This article explores the history of the Russian monopolistic companies that operated in the international market for blubber in the first half of the eighteenth century. It argues that the long-held view that the companies were unsuccessful is not supported by the statistics relating to the trade, which indicate impressive progress in terms of market revenue and the redistribution of profits. Moreover, the authorities had ambitious strategic goals for the project as a whole that entailed more than simple commercial success. The companies, in fact, were perceived as an instrument that would transform landlocked Muscovy into a leading power in the international maritime economy. The article analyzes the essence and the consequences of these conflicting perspectives.
This article examines the changing patterns of industrial conflict in a rapidly modernizing Eastern European city, focusing on a multi-ethnic industrial hub. I follow repertoires of contention in four crucial moments characterized by shifting scales of the geopolitical embeddedness of the city: (1) an early Luddite riot of 1861 in the Polish autonomous sub-state within the Russian Empire, (2) the first massive labor protest and the following pogrom of 1892 in the city already fully subsumed under the imperial governance, (3) a failed revolution of 1905 with a sophisticated feedback loop between party politics and street emotions, (4) mobilization practices during the German military occupation during the IWW culminating in the tram workers strike of 1917, (5) developing forms of industrial bargaining in the early Polish state after 1918. This broad picture spanning over 60 years (1861-1921) is grounded in the existing secondary literature, extensive queries of primary sources such as administration reports, court proceedings and petitions, and the analysis of political leaflets and biographical testimonies of the working class militants. Such a cross temporal comparison brings a broader outlook on the labor unrest in Russian Poland and beyond, which before was researched only in fragmented manner.
This article examines the industrial wastes and environmental effects of Soviet technological development through the history of the Karelian Isthmus, a border territory that had previously been Finnish. Focusing primarily on the history of two large enterprises – the Svetogorskii (former Enso) and Sovetskii (former Johannes) pulp and paper making plants, the authors illustrate the polluting nature of the Soviet economy in the 1940s-1980s. We contend that from the very beginning, important as they were for the USSR, the enterprises of the Isthmus were built into a system of shortages of techniques and materials that contributed to the hectic fulfillment of the plan. Producing pulp and pulp-based products remained a priority during the whole Soviet period. On the level of industrial enterprises, the Soviet system revealed itself as incapable of solving the problem of pollution and wasting. After waste treatment facilities developed by Soviet engineers in the 1960s turned out to be inadequate for dealing with increasing pollution, the Soviet authorities called on Finnish companies to carry out substantial modernization of a few enterprises on the Isthmus. This helped the modernized plants remain functioning in the age of economic crisis at the end of the Soviet epoch. Old problems, however, such as shortages and lack of expertise, remained pivotal, while new sources of pollution, such as carbon emissions, appeared. As a result, the level of contamination was still high and led to negative environmental impacts.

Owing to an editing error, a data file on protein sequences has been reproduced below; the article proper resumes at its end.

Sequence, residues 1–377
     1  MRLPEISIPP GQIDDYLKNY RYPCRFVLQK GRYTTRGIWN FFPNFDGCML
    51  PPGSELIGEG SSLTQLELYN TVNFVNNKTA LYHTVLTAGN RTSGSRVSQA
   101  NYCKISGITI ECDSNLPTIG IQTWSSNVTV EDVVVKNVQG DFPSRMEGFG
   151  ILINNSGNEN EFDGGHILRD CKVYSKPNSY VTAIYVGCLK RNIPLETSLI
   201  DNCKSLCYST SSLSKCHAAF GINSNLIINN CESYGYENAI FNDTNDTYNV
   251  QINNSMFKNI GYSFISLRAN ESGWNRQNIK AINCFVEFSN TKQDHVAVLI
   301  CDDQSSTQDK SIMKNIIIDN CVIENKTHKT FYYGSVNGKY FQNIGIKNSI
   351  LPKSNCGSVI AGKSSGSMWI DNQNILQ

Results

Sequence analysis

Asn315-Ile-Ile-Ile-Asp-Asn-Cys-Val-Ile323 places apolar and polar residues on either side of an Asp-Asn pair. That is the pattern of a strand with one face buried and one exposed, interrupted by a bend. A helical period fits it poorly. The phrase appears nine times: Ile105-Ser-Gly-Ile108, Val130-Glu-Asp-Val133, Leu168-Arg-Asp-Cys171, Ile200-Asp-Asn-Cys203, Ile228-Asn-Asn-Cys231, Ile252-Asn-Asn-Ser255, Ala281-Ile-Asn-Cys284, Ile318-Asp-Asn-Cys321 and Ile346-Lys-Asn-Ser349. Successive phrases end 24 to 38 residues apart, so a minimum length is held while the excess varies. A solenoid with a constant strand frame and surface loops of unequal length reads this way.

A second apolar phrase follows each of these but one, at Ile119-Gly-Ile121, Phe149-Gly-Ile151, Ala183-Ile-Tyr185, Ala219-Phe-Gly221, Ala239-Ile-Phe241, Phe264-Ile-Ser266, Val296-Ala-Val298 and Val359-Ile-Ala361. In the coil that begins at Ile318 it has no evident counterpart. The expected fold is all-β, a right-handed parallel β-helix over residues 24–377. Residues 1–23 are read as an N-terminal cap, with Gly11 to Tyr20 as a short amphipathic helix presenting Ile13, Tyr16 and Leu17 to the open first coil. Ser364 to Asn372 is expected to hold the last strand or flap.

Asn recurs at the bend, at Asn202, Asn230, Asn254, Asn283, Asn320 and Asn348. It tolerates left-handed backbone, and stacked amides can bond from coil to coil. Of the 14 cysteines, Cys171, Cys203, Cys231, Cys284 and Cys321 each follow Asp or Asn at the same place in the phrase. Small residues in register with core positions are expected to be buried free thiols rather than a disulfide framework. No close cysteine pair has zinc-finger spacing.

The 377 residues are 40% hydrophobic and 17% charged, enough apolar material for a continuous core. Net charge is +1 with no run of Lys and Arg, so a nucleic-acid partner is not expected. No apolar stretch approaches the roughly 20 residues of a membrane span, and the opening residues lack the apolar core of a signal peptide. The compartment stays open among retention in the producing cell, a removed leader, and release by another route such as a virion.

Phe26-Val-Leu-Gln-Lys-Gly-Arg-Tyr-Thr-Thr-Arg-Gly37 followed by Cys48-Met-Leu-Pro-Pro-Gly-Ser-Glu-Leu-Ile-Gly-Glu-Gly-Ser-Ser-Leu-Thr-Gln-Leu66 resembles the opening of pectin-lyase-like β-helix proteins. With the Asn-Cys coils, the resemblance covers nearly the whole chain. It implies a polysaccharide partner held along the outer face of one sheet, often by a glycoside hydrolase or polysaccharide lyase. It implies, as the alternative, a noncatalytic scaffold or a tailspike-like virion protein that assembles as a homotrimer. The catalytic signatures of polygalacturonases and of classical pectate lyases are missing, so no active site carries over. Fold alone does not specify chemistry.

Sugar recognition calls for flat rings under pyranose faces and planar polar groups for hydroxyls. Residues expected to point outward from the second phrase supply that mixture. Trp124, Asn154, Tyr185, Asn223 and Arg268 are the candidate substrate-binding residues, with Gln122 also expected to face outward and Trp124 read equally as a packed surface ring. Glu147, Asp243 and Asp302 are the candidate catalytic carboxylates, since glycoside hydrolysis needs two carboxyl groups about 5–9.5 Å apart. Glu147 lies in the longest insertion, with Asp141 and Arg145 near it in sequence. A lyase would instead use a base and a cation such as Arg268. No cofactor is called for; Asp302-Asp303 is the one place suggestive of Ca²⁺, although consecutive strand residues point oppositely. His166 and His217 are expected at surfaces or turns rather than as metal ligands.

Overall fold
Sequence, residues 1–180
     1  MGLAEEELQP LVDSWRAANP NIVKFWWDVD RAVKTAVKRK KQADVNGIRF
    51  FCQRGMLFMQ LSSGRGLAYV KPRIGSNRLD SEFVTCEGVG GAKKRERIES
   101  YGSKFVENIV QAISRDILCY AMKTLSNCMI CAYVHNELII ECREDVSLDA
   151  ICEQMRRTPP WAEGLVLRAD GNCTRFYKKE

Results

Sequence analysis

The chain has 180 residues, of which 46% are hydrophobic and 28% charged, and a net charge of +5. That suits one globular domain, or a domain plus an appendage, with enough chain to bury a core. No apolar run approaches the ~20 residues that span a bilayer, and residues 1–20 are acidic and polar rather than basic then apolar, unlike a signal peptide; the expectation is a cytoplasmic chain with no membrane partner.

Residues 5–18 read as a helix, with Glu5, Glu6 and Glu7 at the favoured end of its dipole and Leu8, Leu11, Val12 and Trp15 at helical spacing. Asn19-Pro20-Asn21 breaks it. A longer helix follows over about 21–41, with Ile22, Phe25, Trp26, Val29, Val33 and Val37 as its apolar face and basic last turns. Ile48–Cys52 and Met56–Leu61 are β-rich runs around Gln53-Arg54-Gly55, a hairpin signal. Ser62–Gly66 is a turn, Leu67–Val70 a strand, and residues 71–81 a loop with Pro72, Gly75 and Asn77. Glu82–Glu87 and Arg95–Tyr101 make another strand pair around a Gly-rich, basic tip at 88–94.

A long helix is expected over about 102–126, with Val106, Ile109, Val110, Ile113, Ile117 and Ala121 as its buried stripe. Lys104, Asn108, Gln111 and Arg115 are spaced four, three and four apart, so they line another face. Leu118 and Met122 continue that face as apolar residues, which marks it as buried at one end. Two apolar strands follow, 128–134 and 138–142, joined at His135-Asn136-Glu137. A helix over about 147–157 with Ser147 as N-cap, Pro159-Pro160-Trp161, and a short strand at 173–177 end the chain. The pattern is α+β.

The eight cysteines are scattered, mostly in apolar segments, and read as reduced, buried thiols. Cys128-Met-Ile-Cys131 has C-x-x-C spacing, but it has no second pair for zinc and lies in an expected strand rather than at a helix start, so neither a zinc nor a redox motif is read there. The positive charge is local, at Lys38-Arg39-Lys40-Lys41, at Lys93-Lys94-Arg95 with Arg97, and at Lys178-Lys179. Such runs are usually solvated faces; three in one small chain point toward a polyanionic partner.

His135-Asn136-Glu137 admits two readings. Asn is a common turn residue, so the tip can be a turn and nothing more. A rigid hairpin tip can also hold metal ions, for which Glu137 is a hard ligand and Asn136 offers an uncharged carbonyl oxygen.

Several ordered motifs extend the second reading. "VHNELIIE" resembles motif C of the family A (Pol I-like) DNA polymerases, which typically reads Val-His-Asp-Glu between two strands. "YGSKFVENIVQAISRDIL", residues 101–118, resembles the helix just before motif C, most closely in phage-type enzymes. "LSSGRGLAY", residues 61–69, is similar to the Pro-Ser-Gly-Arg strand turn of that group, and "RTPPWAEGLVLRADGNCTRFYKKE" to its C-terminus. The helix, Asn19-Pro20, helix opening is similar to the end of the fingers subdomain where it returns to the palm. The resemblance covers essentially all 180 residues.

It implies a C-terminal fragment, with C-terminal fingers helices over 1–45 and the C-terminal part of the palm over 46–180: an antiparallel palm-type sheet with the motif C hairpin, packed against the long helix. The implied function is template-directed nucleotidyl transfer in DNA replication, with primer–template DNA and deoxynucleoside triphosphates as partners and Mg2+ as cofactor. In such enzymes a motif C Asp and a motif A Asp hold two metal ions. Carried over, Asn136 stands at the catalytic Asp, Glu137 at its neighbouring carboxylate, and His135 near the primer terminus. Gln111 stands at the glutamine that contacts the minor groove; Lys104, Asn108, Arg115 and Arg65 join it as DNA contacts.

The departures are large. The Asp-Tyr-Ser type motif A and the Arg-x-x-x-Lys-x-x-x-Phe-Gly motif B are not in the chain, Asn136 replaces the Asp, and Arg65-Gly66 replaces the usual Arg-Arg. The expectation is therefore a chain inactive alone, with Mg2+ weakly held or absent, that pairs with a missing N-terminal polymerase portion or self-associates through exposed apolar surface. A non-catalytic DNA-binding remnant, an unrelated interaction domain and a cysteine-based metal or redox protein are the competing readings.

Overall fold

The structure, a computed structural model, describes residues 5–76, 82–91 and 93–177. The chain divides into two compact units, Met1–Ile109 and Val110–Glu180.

Published by EH.Net (January 2019)
Tapio S. Katko, Finnish Water Services: Experiences in a Global Perspective. Finnish Water Utilities Association, 2016. 288 pp. 70 euros (hardcover), ISBN: 978-952-6697-26-0.
Reviewed for EH.Net by Viktor Pál, Laboratory for Environmental and Technological History, Higher School of Economics.
The 1905 Revolution was often considered by workers writing memoirs as the most important event in their lives. This paper examines biographical reminiscences of the political participation of working-class militants in the 1905 Revolution. I scrutinize four tropes used by working-class writers to describe their life stories narrated around their political identity. These are: (1) overcoming misery and destitution, (2) autodidacticism, (3) political initiation, and (4) feeling of belonging to the community of equals. All four demonstrate that the militant self cannot be understood in separation from the life context of the mobilized workers. Participation in party politics was an important factor modifying the life course of workers in the direction resonating with their aspirations and longings. The argument is informed by analysis of over a hundred of biographical testimonies written by militants from various political parties in different political circumstances.
The paper aims to discuss the multifaceted links between the marine environment of the Gulf of Finland and the representations of the large complex of cultural heritage related to the city of St. Petersburg. The paper is based on a spatial imaginary of Greater St. Petersburg as the cultural and technological unity of the city and adjacent waterscapes in the times of the Russian Empire. This concept is instrumental to see the historical links between the parts of the heritage complex that has by now disintegrated and has been separated by state borders.